UCLA’s Anderson School of Management boasts on its Web site of having created “entrepreneurial leaders,” and its student body of future executives and tycoons-to-be are dosed with cutting-edge capitalist theory at an annual cost to them of more than $11,000 per academic year.

But the school also can boast of an exhibit on how the other half lives, those who are “prosperity challenged.” The school is even doing its part to make sure there is an other half. Indeed, if Anderson had a course titled Penury 101, the main text could be the school’s own janitors’ contract.

Whereas unionized janitors elsewhere at UCLA earn from $8 an hour (for new hires) to $11.67, custodians at Anderson start at $5.75 and top out at $8 per hour, as employees of Diamond Contract Services of Pasadena. And this in service to a school with an annual budget of approximately $45 million, with an endowment listed as $47.5 million — one that was recently fattened with a $5 million gift from philanthropist Peter Mullin.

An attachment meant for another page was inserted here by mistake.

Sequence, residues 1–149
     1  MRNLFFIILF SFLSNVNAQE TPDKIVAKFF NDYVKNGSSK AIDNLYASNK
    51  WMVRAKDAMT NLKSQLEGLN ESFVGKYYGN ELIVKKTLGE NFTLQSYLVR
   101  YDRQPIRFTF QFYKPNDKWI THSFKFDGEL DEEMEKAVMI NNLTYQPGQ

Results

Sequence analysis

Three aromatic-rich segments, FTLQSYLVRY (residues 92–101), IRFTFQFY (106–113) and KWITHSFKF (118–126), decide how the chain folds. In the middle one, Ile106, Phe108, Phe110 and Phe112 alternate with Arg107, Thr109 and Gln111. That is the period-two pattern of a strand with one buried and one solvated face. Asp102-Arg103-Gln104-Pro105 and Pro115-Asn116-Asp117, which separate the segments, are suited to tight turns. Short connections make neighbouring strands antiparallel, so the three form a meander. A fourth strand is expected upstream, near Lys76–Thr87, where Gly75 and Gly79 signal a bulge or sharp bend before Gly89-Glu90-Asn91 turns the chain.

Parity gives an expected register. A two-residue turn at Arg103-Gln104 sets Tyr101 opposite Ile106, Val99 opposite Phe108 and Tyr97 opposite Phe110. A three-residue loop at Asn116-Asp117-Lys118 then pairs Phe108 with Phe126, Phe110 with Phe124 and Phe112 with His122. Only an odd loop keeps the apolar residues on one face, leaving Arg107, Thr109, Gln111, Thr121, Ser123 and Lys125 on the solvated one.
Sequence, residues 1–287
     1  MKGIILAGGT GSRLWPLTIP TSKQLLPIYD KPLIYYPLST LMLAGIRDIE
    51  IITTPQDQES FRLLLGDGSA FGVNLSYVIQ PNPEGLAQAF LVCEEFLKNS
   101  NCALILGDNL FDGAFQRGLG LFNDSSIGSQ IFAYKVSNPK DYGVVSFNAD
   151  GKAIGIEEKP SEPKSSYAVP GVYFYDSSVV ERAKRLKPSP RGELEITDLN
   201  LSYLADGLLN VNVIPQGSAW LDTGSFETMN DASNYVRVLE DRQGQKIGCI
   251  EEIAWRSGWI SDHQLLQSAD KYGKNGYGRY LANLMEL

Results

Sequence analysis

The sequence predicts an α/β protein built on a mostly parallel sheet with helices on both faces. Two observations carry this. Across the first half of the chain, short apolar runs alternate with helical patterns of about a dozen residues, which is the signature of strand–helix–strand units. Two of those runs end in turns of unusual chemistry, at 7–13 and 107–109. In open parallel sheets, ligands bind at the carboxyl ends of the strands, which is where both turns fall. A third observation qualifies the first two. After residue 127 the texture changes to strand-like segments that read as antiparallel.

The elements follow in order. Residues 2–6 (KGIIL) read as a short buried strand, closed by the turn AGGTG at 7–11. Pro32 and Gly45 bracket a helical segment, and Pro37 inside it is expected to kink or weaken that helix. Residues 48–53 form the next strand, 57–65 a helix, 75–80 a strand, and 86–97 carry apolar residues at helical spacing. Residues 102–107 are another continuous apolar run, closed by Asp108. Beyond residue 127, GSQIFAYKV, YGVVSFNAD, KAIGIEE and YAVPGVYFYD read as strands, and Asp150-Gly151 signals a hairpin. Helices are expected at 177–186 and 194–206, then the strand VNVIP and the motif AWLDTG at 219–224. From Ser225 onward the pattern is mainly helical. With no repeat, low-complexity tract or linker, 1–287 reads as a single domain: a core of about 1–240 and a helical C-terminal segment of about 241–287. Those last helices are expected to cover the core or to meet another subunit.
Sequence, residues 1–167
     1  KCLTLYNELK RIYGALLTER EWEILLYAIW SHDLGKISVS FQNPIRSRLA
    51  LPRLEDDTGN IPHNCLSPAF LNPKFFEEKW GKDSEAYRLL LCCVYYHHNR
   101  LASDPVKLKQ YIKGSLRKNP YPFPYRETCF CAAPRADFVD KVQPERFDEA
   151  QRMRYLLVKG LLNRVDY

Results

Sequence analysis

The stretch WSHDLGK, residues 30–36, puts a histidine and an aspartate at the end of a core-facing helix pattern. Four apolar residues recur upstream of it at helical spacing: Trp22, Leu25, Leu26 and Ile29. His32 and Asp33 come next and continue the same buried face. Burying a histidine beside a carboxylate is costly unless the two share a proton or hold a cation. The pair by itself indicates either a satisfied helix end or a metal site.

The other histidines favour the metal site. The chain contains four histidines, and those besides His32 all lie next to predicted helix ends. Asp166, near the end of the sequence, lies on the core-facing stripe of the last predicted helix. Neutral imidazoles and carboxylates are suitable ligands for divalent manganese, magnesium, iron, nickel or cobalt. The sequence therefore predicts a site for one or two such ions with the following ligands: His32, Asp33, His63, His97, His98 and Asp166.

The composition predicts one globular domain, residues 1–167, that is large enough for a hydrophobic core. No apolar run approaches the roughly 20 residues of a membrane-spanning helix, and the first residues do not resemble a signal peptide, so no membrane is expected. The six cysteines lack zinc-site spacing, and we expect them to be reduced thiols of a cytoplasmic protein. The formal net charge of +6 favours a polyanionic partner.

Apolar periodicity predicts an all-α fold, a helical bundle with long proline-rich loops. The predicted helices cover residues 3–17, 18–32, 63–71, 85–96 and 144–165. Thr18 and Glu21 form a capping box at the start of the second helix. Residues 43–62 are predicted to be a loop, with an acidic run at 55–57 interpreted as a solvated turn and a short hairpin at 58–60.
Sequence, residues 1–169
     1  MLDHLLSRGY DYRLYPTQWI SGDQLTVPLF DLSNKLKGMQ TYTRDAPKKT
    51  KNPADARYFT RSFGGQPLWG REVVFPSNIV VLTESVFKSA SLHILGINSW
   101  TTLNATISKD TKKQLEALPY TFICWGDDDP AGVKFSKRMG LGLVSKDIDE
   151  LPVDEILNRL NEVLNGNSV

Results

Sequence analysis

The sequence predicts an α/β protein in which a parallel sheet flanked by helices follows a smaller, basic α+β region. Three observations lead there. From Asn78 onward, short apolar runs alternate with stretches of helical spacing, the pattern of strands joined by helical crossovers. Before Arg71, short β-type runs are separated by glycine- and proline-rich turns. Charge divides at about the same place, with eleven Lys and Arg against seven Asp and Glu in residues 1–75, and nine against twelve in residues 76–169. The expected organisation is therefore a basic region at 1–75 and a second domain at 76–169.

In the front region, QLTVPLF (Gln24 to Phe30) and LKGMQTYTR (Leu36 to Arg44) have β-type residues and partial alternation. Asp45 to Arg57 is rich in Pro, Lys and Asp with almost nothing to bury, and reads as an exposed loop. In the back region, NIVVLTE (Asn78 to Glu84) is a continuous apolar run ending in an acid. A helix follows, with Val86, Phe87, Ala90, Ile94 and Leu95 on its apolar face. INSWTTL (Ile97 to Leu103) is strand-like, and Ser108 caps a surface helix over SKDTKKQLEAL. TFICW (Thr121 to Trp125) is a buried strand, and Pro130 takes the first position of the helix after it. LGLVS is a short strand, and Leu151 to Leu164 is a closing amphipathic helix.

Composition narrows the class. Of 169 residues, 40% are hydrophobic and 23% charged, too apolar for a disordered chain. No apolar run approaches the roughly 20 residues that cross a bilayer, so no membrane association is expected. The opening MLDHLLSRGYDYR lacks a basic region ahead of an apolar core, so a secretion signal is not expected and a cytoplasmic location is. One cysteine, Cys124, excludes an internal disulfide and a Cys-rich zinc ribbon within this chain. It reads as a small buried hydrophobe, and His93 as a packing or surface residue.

Almost all other UCLA custodians are represented by the American Federation of State, County and Municipal Employees (AFSCME), says Bob Battle of union Local 3299. But when Anderson moved, in 1995, to its new north-campus digs — seven swank buildings arranged around a sunny courtyard — the school put custodial services out to bid for a five-year contract. The university staff, which had swept and scrubbed the old Anderson facility, lost out in the original bidding, then failed to submit a bid when the contract reopened this year, says an Anderson administrator.

But union janitors do want those jobs — and those higher wages — back. “We are trying to get the state Legislature to curtail UC’s contracting-out efforts,” says Battle. “They are trying to do this with laundry [services] and medical-records help, too.” As of January, he adds, the union also has hired on four new organizers.

Word of Anderson’s arrangements were a surprise even to the specialist from UCLA’s human-resources department who fielded questions from the Weekly. “It’s totally news to me,” said the labor-relations staffer.

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